"Richard Pryor used the N-word all the time in his routines," said Chapman. "Then he went to Africa and he said, 'I will never use that word again.' Imagine if we could get some of the rappers to go to Africa -- like Nelly, Ja Rule and Kanye West, one of the more enlightened of the bunch. Imagine what effect they could have if they visited Africa and came back and said, 'I won't use the N-word again.'"
If there are any doubts about the enduring power of the N-word, think about the reaction and discussion it sparks. Its mention tends to stop people in their tracks. The meek -- or slang-challenged -- whisper the word painfully if they have to mention it at all during discussions. And in articles like this one, the word is almost blocked out entirely, referred to as the N-word or accompanied by an offensive language warning label.
"The fact that we're having this discussion speaks volumes," said Dwayne McDuffie, TV writer and creator of the now-defunct Milestone Comics, which showcased a cast of African-American superheroes in the 1990s. "There have been all kinds of racial slurs, but only this one continues to have the same powerful meaning for people that it did when it was first used. If you were to call someone a 'mick' today, you just might have to explain what that is."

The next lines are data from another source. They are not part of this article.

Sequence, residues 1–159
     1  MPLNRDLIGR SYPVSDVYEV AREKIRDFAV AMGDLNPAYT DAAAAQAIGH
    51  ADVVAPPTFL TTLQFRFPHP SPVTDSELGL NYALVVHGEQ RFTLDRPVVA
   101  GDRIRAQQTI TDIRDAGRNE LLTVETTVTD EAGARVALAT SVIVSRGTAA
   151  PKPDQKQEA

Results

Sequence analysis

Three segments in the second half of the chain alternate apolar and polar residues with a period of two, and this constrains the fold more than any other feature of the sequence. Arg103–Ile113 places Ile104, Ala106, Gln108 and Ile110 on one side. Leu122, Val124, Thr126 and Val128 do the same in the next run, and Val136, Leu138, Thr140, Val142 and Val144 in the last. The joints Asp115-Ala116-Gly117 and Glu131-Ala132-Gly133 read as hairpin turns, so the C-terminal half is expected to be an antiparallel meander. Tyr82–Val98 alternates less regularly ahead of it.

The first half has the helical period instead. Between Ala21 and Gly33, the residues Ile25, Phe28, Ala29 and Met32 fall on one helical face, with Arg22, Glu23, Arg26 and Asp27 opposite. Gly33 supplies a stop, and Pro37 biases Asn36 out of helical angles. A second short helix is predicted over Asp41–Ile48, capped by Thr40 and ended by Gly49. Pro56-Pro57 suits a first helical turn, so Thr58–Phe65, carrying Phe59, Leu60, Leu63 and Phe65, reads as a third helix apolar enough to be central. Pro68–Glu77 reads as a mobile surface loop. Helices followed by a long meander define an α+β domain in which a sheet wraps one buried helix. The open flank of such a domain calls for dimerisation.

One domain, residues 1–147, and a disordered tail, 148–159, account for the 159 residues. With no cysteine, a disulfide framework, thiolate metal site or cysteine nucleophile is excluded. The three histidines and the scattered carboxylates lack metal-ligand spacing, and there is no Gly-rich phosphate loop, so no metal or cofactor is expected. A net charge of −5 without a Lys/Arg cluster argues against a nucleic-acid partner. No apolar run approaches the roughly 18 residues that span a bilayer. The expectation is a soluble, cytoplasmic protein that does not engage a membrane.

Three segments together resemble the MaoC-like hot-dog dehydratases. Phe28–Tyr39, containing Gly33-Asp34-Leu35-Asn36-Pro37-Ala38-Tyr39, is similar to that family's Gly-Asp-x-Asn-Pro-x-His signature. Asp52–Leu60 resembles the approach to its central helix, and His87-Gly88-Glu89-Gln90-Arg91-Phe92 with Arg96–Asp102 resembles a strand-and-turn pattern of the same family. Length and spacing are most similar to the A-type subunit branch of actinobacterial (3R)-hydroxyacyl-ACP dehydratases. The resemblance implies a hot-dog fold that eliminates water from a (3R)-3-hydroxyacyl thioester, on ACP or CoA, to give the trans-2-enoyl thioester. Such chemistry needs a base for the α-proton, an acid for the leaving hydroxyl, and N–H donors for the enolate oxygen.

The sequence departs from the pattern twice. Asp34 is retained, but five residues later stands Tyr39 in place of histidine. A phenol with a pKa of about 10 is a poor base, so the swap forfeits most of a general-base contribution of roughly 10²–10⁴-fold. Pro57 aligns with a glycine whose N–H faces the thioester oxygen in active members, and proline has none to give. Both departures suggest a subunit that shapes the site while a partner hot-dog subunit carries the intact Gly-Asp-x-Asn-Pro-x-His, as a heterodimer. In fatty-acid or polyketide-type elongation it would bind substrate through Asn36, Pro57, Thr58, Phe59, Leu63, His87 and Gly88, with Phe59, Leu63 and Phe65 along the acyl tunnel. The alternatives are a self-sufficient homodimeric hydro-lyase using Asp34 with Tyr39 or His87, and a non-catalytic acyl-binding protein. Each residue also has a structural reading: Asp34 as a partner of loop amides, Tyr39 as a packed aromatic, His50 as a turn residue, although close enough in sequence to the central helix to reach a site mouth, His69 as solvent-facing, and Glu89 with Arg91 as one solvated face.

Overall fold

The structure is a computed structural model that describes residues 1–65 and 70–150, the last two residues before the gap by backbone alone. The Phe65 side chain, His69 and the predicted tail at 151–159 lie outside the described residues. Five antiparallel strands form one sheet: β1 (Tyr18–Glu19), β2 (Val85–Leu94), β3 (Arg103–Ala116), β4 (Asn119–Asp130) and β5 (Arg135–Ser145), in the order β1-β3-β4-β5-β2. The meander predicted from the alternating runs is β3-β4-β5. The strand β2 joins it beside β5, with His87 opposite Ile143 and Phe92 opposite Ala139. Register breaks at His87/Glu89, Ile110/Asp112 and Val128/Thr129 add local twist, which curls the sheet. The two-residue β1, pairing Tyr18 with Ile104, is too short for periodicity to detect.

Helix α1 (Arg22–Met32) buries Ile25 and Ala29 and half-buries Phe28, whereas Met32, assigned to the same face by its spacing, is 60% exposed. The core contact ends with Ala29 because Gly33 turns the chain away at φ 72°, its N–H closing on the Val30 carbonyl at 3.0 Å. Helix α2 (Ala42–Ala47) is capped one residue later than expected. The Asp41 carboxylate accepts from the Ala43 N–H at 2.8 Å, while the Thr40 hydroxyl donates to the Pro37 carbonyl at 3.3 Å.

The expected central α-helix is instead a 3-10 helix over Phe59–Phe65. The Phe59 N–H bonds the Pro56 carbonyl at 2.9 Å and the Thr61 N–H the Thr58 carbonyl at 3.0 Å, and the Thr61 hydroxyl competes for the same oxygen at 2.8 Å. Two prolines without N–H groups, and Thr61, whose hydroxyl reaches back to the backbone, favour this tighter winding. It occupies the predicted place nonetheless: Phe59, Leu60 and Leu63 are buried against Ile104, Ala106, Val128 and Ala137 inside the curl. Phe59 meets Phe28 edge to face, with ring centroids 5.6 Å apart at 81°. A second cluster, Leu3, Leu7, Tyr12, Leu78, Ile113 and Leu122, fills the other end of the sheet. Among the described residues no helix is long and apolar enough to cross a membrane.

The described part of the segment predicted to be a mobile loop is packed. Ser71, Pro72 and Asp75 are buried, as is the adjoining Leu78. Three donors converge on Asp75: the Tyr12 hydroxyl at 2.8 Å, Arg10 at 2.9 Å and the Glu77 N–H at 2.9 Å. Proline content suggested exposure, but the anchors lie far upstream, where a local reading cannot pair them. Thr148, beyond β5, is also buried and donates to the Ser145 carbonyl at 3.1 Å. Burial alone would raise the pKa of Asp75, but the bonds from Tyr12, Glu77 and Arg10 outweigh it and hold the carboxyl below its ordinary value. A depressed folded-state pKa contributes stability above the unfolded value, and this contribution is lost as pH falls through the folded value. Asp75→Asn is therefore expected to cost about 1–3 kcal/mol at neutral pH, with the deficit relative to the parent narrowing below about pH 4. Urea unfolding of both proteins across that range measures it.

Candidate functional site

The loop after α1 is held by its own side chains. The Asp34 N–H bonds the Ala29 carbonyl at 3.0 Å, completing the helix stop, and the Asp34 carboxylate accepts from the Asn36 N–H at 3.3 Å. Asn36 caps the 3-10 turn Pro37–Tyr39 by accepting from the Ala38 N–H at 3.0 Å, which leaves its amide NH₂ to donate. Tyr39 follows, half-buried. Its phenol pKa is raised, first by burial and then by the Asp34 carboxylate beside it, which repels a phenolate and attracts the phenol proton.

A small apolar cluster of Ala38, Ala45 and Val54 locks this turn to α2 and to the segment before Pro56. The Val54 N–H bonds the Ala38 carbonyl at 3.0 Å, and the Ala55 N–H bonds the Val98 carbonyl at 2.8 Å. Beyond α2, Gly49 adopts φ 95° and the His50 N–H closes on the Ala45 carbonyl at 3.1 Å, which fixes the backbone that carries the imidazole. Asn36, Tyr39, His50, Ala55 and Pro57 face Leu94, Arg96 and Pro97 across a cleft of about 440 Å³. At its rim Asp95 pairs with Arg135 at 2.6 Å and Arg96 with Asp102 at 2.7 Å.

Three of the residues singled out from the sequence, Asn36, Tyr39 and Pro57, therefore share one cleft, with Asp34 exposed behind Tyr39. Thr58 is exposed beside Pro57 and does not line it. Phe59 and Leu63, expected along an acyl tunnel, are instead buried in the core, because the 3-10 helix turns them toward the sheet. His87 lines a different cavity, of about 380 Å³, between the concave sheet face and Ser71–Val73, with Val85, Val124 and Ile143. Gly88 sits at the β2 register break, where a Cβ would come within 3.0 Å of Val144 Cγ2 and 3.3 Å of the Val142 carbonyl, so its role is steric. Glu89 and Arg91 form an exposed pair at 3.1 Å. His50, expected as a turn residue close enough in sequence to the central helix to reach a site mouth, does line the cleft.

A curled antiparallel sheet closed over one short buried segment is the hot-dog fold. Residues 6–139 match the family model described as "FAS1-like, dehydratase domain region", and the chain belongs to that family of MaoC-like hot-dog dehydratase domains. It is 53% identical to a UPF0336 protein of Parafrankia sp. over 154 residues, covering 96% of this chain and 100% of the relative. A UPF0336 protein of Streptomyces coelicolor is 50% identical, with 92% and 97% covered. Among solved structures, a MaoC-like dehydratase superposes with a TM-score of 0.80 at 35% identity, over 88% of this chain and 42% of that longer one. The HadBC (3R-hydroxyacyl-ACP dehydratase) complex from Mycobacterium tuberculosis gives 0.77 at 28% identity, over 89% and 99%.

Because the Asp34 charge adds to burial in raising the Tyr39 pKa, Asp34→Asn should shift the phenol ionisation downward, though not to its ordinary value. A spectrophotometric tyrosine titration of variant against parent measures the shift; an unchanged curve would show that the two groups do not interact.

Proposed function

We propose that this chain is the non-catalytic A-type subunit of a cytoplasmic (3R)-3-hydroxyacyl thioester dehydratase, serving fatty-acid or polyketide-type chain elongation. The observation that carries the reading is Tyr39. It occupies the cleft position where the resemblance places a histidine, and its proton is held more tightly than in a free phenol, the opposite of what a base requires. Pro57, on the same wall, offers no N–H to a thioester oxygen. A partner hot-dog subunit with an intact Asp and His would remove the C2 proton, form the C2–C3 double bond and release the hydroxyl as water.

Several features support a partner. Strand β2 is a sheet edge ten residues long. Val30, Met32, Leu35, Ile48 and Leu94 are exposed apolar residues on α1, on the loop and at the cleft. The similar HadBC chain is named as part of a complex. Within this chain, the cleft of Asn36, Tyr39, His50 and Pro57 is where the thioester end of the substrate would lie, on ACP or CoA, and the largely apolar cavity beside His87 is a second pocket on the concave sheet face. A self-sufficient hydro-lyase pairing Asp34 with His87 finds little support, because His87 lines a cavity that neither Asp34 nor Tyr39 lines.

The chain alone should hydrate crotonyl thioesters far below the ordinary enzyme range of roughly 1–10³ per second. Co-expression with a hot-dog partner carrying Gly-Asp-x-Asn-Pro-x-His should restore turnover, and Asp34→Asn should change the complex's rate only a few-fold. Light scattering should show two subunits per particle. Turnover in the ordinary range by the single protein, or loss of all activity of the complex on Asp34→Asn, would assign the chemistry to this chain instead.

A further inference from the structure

It's doubtful that the N-word will reach that point. However, memory of its legacy may be in danger of extinction. Some critics argue that the N-word has been used -- and accepted -- outside its shameful context for so long that it may be too late to expect the masses to watch their language.
"The use of the N-word is so far beyond the African-American community, they can't get it back," said Mark Naison, professor of African-American studies at Fordham University and author of "Brooklyn White Boy: A Memoir." "For Latinos living in the Bronx, 'nigga' is the same as 'my homeboy.' Who's going to be the language police to the Dominicans living in Washington Heights [in Manhattan], the University Heights section in the Bronx? And they share the same urban socioeconomic factors that African-Americans face every day. It [the N-word's use] has taken a life of its own. ... It's out of control."
So, it looks like an ugly word may be sitting pretty for some time to come -- for better or worse.